Is this article saying that the latest MBP has 2 slots with max 8 GB in each slot, which would total 16 GB?
     
  11. T5BRICK macrumors 604

    T5BRICK

    Joined:
    Aug 3, 2006
    Location:
    Oregon
    #11
    The 2011 and 2012 models can accept at least 16GB of RAM. Upgrading the RAM and HDD does not affect your AppleCare warranty. The parts you install will obviously not be covered by Apple, but they should have their own separate warranties. I do suggest that you keep the original Apple parts in case you take it in for service and the tech claims that the 3rd party parts you installed are causing the problems.
     
  12. HowBoutIt? thread starter macrumors member

    Joined:
    Mar 5, 2010
    Location:
    Utah
    #12
    OK, so you say at least 16 GB. Now if I want to install the RAM myself and I am configuring the MBP with the SSD, what should I do as far as the rAM the machine comes with? I won't be able to get the exact same RAM as the article recommends, but how will I know how much RAM to get, (how many sticks and how much each stick?) it is confusing top me and nobody can tell me the answers they would want to know. This is information I would need to know so that I am not ordering RAM I do not need and RAM that is compatible with what is already installed in the machine. why doesn't apple have a conf with the max amount of RAM, I would just pay for it so that I know it is done right. to me it is worth paying the extra since if I do it on my own I am just making a bunch of guesses.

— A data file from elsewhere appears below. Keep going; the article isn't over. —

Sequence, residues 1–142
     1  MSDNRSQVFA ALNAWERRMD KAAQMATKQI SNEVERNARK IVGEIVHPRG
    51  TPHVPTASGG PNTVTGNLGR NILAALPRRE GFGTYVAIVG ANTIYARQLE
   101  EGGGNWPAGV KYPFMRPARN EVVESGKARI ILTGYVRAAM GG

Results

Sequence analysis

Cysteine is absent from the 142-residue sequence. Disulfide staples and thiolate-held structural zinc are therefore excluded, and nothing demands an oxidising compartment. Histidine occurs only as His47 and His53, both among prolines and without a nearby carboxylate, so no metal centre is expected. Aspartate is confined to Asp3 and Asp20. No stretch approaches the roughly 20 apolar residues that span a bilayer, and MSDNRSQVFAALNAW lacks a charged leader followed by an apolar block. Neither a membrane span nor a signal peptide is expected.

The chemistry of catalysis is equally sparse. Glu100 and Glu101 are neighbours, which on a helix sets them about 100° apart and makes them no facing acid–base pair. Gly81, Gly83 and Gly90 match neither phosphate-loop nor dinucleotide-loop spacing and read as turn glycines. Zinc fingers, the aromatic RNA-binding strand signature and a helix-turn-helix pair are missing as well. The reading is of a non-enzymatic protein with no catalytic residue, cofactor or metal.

what is your opinion on the best display to get? I have always had the anti glare but i see how 2 options are more expensive.
     
  13. T5BRICK macrumors 604

    T5BRICK

    Joined:
    Aug 3, 2006
    Location:
    Oregon
    #13
    Keep it in case you have issues in the future. The extra RAM could be useful for troubleshooting purposes.

    The maximum SUPPORTED amount of RAM in the cMBP is 8GB. If you want to go with what Apple offers to sell, that is all you can get. The hardware itself works just fine with 16GB of RAM, in a 2 x 8GB configuration. A quick search on newegg brings up more than a dozen different sticks of RAM that will probably work with your computer. I'd suggest reading through a few customer reviews to narrow down which models work.

    Here are a couple of good ones. In my opinion, of course:
    http://www.newegg.com/Product/Product.aspx?Item=N82E16820231582
    http://www.newegg.com/Product/Product.aspx?Item=N82E16820233265

    I prefer anti-glare, but I've never been given the option because none of the 13" models offer it.
     
  14. HowBoutIt? thread starter macrumors member

    Joined:
    Mar 5, 2010
    Location:
    Utah
    #14
    Thanks T5

    I just saw that I could get max 8 Gb so I thought that is all the MBP will accommodate. Do you get the 16 Gb from the article on mid 2012 MBPs taking 2 slots of 8 GB?

    there is a ethernet port in case I lose my wireless connection while teaching, right? do you know if the TB to HDMI will work with this MBP to get the TV as the display?


    do you think the 512GB SSD is a major waste?

    will I need any TB cables? I will get speakers too, looking at the B&W.
    What is AirPlay?

    should I get some USB 3.0?
     
  15. JohnnyComeLatly macrumors member

    Joined:
    Nov 12, 2010
    #15